HIV prevalence among MSM is also very high—up to between 22 and 27 percent in the urban centers of Mandalay and Yangon. The lack of any law reform in Myanmar for decades is also holding things back. Lawmakers currently have a discrimination protection law for people living with HIV, and if they can also address Section 377 of the penal code that criminalizes “unnatural sex,” that will help a lot to reduce fear and will reduce new infections. The Suppression of Prostitution Act is also up for revision, which could improve help available to sex workers.
There’s a lot of stigma and discrimination against HIV positive people in Myanmar, which needs to change. If you’re a taxi driver in Yangon, why do you need to have a HIV test? I’m unaware of anyone getting HIV from riding in a taxi. Critical structural barriers are preventing people from getting tested and treated.
What changes have you seen throughout the course of your time in Myanmar?
The first time I was here [in 2002], HIV/AIDS was highly politicized. In the eyes of the government, any journalist walking through the door was looking to criticize the country, and HIV/AIDS was used as a way to do that. The government didn’t like the data coming out—there was a whole range of estimates of infections, from the government, from us, from outside. HIV/AIDS was picked on, compared to other health issues, to criticize in hopes to bring about democratic change. That didn’t help us respond to the epidemic—the government went into lockdown and the overall HIV/AIDS numbers were held back. The then health minister Dr. Kyaw Myint was very brave. He set out to establish a fund for HIV treatment and prevention and gained international financial support. He was happy to engage with people and establish formal structures.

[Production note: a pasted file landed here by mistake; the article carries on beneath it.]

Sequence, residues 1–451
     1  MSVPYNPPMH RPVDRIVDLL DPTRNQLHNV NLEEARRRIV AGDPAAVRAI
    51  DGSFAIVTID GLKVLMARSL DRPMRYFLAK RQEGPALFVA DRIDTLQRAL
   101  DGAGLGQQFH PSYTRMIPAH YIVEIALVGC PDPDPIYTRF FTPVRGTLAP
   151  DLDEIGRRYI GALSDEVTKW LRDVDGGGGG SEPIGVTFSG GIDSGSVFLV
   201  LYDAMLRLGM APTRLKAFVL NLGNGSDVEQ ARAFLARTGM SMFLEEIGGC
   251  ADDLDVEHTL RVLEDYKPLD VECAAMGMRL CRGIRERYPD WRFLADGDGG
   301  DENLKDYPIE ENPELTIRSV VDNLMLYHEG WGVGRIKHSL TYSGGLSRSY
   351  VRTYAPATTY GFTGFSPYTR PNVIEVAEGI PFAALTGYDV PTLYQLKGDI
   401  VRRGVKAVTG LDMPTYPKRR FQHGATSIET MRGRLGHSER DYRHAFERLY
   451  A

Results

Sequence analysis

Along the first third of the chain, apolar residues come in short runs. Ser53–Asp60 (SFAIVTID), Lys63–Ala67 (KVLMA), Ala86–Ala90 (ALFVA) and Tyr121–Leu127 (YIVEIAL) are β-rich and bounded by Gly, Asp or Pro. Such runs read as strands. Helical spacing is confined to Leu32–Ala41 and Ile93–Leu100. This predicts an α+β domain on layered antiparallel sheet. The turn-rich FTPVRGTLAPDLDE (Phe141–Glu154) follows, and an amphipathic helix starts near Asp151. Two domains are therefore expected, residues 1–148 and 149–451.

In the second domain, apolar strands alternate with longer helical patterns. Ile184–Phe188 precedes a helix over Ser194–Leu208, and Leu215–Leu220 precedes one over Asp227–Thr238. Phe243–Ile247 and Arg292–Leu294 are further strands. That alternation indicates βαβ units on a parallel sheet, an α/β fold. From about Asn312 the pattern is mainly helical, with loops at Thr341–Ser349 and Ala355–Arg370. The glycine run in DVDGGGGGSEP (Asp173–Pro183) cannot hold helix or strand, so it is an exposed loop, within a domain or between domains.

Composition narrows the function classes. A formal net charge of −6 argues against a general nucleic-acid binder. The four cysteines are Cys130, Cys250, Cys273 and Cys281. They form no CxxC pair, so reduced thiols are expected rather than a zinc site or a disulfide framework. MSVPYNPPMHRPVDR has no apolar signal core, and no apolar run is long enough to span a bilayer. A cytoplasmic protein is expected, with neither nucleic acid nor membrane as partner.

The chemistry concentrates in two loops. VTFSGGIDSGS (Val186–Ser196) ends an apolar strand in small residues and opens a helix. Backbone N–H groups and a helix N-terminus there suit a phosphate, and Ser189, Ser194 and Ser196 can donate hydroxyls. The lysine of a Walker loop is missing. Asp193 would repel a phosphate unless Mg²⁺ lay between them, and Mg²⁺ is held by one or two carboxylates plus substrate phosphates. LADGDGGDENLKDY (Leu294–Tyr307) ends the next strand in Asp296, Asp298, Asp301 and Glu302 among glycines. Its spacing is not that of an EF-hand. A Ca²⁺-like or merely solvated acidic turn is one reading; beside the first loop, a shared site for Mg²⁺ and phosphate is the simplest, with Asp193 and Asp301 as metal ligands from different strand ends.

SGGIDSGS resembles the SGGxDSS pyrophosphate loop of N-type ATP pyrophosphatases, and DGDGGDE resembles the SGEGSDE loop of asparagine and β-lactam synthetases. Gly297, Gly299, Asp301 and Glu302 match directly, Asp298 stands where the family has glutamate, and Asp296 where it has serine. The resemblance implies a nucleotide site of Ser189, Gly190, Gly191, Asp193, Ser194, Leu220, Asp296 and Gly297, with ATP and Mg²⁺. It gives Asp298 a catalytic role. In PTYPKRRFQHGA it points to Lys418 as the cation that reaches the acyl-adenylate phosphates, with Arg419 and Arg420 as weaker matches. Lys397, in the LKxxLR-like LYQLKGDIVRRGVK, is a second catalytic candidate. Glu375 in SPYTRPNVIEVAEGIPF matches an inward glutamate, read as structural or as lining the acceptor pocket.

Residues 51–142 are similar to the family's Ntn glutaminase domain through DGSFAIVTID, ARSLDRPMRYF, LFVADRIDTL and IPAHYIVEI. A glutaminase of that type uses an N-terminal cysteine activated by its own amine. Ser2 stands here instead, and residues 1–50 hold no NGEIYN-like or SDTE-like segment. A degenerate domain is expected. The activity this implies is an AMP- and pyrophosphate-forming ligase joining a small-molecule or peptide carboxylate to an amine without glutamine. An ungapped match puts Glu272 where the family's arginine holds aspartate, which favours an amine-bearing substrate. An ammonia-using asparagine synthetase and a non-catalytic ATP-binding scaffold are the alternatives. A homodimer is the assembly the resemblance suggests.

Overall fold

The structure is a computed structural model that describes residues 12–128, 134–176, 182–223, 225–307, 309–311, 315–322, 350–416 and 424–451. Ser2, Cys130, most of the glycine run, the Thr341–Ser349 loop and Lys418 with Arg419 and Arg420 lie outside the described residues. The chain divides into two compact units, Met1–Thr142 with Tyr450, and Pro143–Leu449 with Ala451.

In 2012 there was big shift when power moved from the military junta to the Union Solidarity and Development Party. It was really exciting to work with colleagues in the Ministry of Health when I came back—many of them knew what they wanted to change, even though the ability to make that change was hard, but the motives were there and the energy was so strong.
Dr. Pe Thet Khin [health minister from 2011-14] invited a number of different partners and NGOs and was working to establish universal health coverage. He had a very public health approach and was responsible for bringing back medicines into the health systems in 2013.
Things have not changed that fast, of course, and things slowed down over the 2015 election period. With the new National League for Democracy-led government we have seen more openness to decisions, but the bureaucracies are slow to change. The current health minister Dr. Myint Htwe has a very public health approach and has introduced a very progressive new national health plan that HIV will be part of. He is the one driving the change in treatment provision. Devolving decision-making to the states and regions is going to be critical for his vision. It is going to take a while for people to find the confidence in his plans, though.